Background: Most BRCA1 or BRCA2 mutation carriers have inherited a single (heterozygous) mutation. Transheterozygotes (TH) who have inherited deleterious mutations in both BRCA1 and BRCA2 are rare, and the consequences of transheterozygosity are poorly understood. Methods: From 32,295 female BRCA1/2 mutation carriers, we identified 93 TH (0.3 %). "Cases" were defined as TH, and "controls" were single mutations at BRCA1 (SH1) or BRCA2 (SH2). Matched SH1 "controls" carried a BRCA1 mutation found in the TH "case". Matched SH2 "controls" carried a BRCA2 mutation found in the TH "case". After matching the TH carriers with SH1 or SH2, 91 TH were matched to 9316 SH1, and 89 TH were matched to 3370 SH2. Results: The majority of TH (45.2 %) involved the three common Jewish mutations. TH were more likely than SH1 and SH2 women to have been ever diagnosed with breast cancer (BC; p = 0.002). TH were more likely to be diagnosed with ovarian cancer (OC) than SH2 (p = 0.017), but not SH1. Age at BC diagnosis was the same in TH vs. SH1 (p = 0.231), but was on average 4.5 years younger in TH than in SH2 (p <0.001). BC in TH was more likely to be estrogen receptor (ER) positive (p = 0.010) or progesterone receptor (PR) positive (p = 0.013) than in SH1, but less likely to be ER positive (p <0.001) or PR positive (p = 0.012) than SH2. Among 15 tumors from TH patients, there was no clear pattern of loss of heterozygosity (LOH) for BRCA1 or BRCA2 in either BC or OC. Conclusions: Our observations suggest that clinical TH phenotypes resemble SH1. However, TH breast tumor marker characteristics are phenotypically intermediate to SH1 and SH2.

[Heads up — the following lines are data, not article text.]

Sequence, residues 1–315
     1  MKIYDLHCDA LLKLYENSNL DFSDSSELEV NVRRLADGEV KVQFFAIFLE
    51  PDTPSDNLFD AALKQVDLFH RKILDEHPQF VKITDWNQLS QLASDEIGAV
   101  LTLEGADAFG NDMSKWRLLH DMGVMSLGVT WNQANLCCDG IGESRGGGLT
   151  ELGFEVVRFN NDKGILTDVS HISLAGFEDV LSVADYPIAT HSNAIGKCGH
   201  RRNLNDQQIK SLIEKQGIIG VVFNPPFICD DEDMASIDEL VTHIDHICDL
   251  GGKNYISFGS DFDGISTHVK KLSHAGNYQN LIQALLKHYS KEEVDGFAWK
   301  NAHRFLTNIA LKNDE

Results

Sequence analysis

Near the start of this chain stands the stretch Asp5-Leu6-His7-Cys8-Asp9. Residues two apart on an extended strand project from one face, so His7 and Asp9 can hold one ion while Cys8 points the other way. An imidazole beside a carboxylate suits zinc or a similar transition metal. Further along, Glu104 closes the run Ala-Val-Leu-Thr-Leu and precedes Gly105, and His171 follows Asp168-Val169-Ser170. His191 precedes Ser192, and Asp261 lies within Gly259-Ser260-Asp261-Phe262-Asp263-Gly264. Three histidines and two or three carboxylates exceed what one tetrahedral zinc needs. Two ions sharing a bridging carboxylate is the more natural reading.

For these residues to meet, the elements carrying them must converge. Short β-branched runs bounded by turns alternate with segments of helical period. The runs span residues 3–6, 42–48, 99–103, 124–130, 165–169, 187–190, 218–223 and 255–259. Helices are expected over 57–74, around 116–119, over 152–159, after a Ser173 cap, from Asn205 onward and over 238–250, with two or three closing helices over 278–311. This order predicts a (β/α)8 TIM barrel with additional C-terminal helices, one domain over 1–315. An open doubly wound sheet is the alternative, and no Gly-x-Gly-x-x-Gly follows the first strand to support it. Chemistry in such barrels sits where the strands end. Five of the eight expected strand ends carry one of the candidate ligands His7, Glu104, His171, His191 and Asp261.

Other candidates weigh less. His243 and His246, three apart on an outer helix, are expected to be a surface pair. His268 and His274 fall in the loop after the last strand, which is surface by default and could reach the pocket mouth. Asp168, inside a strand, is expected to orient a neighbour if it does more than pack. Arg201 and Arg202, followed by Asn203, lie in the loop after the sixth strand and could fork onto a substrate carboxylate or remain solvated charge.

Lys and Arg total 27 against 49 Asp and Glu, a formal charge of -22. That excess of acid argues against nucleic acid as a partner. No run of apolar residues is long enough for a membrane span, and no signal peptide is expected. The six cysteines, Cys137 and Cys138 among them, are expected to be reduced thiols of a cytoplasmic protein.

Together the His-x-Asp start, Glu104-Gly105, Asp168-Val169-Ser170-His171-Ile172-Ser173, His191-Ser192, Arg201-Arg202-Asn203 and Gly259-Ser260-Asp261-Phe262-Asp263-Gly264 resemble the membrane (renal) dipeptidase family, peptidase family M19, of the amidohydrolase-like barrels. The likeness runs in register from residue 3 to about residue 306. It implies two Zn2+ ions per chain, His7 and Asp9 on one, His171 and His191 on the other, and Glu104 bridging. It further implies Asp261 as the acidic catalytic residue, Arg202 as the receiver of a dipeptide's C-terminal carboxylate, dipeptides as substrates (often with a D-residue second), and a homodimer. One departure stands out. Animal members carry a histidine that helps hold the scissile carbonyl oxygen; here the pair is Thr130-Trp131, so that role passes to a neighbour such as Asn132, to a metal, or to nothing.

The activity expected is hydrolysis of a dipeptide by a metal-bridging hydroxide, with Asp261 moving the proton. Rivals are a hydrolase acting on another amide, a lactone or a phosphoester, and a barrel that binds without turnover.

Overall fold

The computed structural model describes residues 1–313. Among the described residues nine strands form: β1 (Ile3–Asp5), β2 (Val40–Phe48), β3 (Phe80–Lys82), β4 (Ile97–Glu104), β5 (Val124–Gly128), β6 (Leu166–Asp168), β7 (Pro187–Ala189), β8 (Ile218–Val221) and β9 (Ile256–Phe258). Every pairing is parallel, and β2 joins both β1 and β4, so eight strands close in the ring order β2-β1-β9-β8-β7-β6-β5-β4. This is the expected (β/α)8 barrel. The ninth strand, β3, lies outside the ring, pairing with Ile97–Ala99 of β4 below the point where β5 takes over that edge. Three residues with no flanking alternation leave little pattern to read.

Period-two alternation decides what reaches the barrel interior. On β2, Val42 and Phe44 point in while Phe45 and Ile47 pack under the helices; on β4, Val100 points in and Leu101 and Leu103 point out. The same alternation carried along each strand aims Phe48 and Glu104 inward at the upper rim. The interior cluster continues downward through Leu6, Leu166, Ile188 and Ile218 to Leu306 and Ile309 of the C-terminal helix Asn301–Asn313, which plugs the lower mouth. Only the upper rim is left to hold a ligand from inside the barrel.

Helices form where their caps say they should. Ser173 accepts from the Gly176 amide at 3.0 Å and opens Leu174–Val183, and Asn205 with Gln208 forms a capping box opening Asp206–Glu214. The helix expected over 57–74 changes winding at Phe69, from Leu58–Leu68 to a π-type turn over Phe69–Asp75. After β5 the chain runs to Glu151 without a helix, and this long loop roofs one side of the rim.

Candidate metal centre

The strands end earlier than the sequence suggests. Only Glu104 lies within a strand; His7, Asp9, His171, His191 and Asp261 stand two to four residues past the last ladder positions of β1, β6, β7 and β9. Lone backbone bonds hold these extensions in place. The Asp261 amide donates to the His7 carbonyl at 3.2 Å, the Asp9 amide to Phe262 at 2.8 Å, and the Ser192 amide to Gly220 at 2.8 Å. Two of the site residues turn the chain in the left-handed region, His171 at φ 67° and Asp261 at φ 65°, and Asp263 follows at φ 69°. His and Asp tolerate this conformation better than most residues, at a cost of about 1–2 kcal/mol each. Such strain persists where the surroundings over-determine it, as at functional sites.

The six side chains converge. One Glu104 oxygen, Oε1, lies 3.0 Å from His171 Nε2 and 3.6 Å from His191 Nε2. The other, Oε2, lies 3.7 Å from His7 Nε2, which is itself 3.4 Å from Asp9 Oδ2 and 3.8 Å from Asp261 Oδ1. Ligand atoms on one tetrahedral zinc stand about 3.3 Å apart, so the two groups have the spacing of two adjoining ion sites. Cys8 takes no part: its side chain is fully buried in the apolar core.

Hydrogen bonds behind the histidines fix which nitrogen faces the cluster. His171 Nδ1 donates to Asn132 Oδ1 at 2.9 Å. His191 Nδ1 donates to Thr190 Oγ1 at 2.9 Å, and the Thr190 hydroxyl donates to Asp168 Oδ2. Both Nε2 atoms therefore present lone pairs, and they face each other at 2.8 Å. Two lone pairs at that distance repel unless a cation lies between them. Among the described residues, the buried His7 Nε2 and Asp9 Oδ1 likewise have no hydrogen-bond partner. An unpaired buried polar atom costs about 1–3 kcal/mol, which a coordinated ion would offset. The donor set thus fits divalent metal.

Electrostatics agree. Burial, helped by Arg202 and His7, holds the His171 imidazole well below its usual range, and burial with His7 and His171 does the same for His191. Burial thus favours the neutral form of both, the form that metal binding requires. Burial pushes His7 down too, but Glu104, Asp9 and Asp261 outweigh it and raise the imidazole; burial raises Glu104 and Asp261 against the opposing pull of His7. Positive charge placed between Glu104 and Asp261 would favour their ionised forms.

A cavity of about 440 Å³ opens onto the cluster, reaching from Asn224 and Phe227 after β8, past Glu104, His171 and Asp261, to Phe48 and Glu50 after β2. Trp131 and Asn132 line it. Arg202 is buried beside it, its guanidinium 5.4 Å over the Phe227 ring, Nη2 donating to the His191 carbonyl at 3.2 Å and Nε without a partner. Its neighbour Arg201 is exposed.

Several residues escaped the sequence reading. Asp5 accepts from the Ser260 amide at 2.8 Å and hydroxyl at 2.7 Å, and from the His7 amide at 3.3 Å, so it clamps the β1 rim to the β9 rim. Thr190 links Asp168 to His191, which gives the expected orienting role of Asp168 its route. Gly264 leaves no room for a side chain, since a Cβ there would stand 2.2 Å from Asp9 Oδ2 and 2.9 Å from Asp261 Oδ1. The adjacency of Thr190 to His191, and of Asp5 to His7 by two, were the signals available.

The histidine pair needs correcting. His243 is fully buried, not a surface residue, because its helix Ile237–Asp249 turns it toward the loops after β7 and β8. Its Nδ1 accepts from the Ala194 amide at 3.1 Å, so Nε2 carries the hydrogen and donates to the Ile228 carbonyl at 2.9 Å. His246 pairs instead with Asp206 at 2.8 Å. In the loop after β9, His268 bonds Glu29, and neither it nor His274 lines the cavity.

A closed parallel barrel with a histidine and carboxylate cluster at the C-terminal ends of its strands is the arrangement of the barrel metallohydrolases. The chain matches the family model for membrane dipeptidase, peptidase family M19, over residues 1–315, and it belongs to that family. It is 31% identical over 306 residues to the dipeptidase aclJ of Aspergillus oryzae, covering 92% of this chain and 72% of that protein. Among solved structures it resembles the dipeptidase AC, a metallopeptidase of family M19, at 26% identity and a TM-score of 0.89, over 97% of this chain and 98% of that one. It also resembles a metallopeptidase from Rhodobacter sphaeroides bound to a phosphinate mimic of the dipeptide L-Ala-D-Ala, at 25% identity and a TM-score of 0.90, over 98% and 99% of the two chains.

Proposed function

• Parsons, Michael T.; Tudini, Emma; Li, Hongyan; Hahnen, Eric; Wappenschmidt, Barbara; Feliubadaló, Lidia; Aalfs, Cora M.; Agata, Simona; Aittomäki, Kristiina; Alducci, Elisa; Alonso-Cerezo, María Concepción; Arnold, Norbert; Auber, Bernd; Austin, Rachel; Azzollini, Jacopo; Balmaña, Judith; Barbieri, Elena; Bartram, Claus R.; Blanco, Ana; Blümcke, Britta; Bonache, Sandra; Bonanni, Bernardo; Borg, Åke; Bortesi, Beatrice; Brunet, Joan; Bruzzone, Carla; Bucksch, Karolin; Cagnoli, Giulia; Caldés, Trinidad; Caliebe, Almuth; Caligo, Maria A.; Calvello, Mariarosaria; Capone, Gabriele L.; Caputo, Sandrine M.; Carnevali, Ileana; Carrasco, Estela; Caux-Moncoutier, Virginie; Cavalli, Pietro; Cini, Giulia; Clarke, Edward M.; Concolino, Paola; Cops, Elisa J.; Cortesi, Laura; Couch, Fergus J.; Darder, Esther; de la Hoya, Miguel; Dean, Michael; Debatin, Irmgard; del Valle, Jesús; Delnatte, Capucine; Derive, Nicolas; Diez, Orland; Ditsch, Nina; Domchek, Susan M.; Dutrannoy, Véronique; Eccles, Diana M.; Ehrencrona, Hans; Enders, Ute; Evans, D. Gareth; Faust, Ulrike; Felbor, Ute; Feroce, Irene; Fine, Miriam; Galvao, Henrique C.R.; Gambino, Gaetana; Gehrig, Andrea; Gensini, Francesca; Gerdes, Anne-Marie; Germani, Aldo; Giesecke, Jutta; Gismondi, Viviana; Gómez, Carolina; Gómez Garcia, Encarna B.; González, Sara; Grau, Elia; Grill, Sabine; Gross, Eva; Guerrieri-Gonzaga, Aliana; Guillaud-Bataille, Marine; Gutiérrez-Enríquez, Sara; Haaf, Thomas; Hackmann, Karl; Hansen, Thomas V.O.; Harris, Marion; Hauke, Jan; Heinrich, Tilman; Hellebrand, Heide; Herold, Karen N.; Honisch, Ellen; Horvath, Judit; Houdayer, Claude; Hübbel, Verena; Iglesias, Silvia; Izquierdo, Angel; James, Paul A.; Janssen, Linda A.M.; Jeschke, Udo; Kaulfuß, Silke; Keupp, Katharina; Kiechle, Marion; Kölbl, Alexandra; Krieger, Sophie; Kruse, Torben A.; Kvist, Anders; Lalloo, Fiona; Larsen, Mirjam; Lattimore, Vanessa L.; Lautrup, Charlotte; Ledig, Susanne; Leinert, Elena; Lewis, Alexandra L.; Lim, Joanna; Loeffler, Markus; López-Fernández, Adrià; Lucci-Cordisco, Emanuela; Maass, Nicolai; Manoukian, Siranoush; Marabelli, Monica; Matricardi, Laura; Meindl, Alfons; Michelli, Rodrigo D.; Moghadasi, Setareh; Moles-Fernández, Alejandro; Montagna, Marco; Montalban, Gemma; Monteiro, Alvaro N.; Montes, Eva; Mori, Luigi; Moserle, Lidia; Müller, Clemens R.; Mundhenke, Christoph; Naldi, Nadia; Nathanson, Katherine L.; Navarro, Matilde; Nevanlinna, Heli; Nichols, Cassandra B.; Niederacher, Dieter; Nielsen, Henriette R.; Ong, Kai-ren; Pachter, Nicholas; Palmero, Edenir I.; Papi, Laura; Pedersen, Inge Sokilde; Peissel, Bernard; Pérez-Segura, Pedro; Pfeifer, Katharina; Pineda, Marta; Pohl-Rescigno, Esther; Poplawski, Nicola K.; Porfirio, Berardino; Quante, Anne S.; Ramser, Juliane; Reis, Rui M.; Revillion, Françoise; Rhiem, Kerstin; Riboli, Barbara; Ritter, Julia; Rivera, Daniela; Rofes, Paula; Rump, Andreas; Salinas, Monica; Sánchez de Abajo, Ana María; Schmidt, Gunnar; Schoenwiese, Ulrike; Seggewiß, Jochen; Solanes, Ares; Steinemann, Doris; Stiller, Mathias; Stoppa-Lyonnet, Dominique; Sullivan, Kelly J.; Susman, Rachel; Sutter, Christian; Tavtigian, Sean V.; Teo, Soo H.; Teulé, Alex; Thomassen, Mads; Tibiletti, Maria Grazia; Tognazzo, Silvia; Toland, Amanda E.; Tornero, Eva; Törngren, Therese; Torres-Esquius, Sara; Toss, Angela; Trainer, Alison H.; van Asperen, Christi J.; van Mackelenbergh, Marion T.; Varesco, Liliana; Vargas-Parra, Gardenia; Varon, Raymonda; Vega, Ana; Velasco, Ángela; Vesper, Anne-Sophie; Viel, Alessandra; Vreeswijk, Maaike P.G.; Wagner, Sebastian A.; Waha, Anke; Walker, Logan C.; Walters, Rhiannon J.; Wang-Gohrke, Shan; Weber, Bernhard H.F.; Weichert, Wilko; Wieland, Kerstin; Wiesmüller, Lisa; Witzel, Isabell; Wöckel, Achim; Woodward, Emma R.; Zachariae, Silke; Zampiga, Valentina; Zeder-Göß, Christine; Investigators, KConFab; Lázaro, Conxi; De Nicolo, Arcangela; Radice, Paolo; Engel, Christoph; Schmutzler, Rita K.; Goldgar, David E.; Spurdle, Amanda B. (2019)